LABORATORIES, DESIGN & PROFESSIONAL STUDIES IV - 2024/5
Module code: EEE2037
Expected prior learning: Participation in module EEE2036 "Laboratories, Design & Professional Studies III"
Module purpose: Hands-on experimental skills, professional skills, and enterprise skills are important to today’s electronic engineers. This module helps the students to develop these skills by offering them laboratory-based experiments, team design projects and professional studies on transferrable skills. These activities are based on either individual or team work.
Computer Science and Electronic Eng
GUILLEMAUT Jean-Yves (CS & EE)
Number of Credits: 15
ECTS Credits: 7.5
Framework: FHEQ Level 5
JACs code: H150
Module cap (Maximum number of students): N/A
Overall student workload
Workshop Hours: 5
Independent Learning Hours: 64
Lecture Hours: 6
Tutorial Hours: 3
Laboratory Hours: 60
Guided Learning: 10
Captured Content: 2
Prerequisites / Co-requisites
Indicative content includes the following:
Laboratory Experiments and Projects
Attendance at laboratories is mandatory and students spend up to six hours per week in the laboratory. The laboratory programme consists of a combination of project work and experiments. Each of the experiments is a stand-alone learning experience which is best appreciated when considered in the context of the associated lecture course(s). Project work is carried out in small teams to develop not only practical skills, but also to improve planning, management, teamwork and student integration.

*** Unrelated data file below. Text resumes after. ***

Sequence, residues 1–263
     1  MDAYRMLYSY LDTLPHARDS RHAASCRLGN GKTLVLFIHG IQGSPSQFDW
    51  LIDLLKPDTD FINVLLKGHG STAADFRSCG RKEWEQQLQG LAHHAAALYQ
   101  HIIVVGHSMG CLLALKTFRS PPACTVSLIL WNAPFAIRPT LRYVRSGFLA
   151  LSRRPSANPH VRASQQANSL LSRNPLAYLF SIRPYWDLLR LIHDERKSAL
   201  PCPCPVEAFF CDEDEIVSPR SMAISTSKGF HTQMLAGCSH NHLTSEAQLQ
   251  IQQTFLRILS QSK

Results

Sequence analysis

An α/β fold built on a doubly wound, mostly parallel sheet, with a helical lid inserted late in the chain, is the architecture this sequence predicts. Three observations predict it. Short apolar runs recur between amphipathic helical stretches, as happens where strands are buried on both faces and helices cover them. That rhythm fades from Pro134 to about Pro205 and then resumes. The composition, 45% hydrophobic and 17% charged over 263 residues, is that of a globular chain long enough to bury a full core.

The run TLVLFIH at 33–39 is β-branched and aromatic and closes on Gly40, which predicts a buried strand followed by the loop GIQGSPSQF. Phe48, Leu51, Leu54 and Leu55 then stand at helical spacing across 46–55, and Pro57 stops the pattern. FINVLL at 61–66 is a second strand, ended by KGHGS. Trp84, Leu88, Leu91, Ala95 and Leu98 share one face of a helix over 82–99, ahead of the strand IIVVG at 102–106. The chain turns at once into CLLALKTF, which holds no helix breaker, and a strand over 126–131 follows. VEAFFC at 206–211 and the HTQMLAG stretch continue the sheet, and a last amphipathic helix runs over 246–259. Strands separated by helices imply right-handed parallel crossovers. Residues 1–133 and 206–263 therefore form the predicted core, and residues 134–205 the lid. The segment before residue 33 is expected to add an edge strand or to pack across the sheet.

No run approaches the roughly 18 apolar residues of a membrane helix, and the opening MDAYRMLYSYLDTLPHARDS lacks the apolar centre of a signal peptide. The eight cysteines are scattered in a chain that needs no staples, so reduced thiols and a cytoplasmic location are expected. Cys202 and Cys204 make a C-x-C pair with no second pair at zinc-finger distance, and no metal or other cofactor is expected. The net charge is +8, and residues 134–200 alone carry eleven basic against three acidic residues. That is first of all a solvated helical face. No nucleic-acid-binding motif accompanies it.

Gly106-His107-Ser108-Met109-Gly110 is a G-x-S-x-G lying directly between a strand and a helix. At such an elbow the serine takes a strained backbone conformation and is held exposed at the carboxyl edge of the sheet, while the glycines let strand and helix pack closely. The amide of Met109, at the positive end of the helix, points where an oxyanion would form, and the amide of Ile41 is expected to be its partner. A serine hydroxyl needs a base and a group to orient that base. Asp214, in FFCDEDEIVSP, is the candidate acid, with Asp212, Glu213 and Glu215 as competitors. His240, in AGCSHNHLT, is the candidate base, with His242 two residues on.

In part, the experiments support the lectured material; but they are also intended to familiarise students with the use of the electronic instruments needed to test circuits and measure their electronic characteristics, and to introduce students to the practicalities of circuits and circuit components, and to practical techniques useful in the context of electronic design. Students will also be exposed to the use of simulation as an aid to analogue and digital design. The experiments are designed to help students understand the relationship between theory, simulation and actual circuits, appreciate the difference between design expectation and actual performance, and acquire confidence in testing circuits. For further details see the laboratory manuals.
Each student will be required to prepare for the experiment beforehand as instructed in the laboratory manuals and provide evidence of the preparation in their Lab log book. Students will be encouraged to analyse data as it is taken, to compare results with the relevant theory, and to keep an effective record of findings in the Lab log book. The primary purpose of the laboratory supervisors and demonstrators is to maximise the learning process, and students should appreciate that finishing an experiment is not as important as understanding what has been done.
Enterprise Project Completion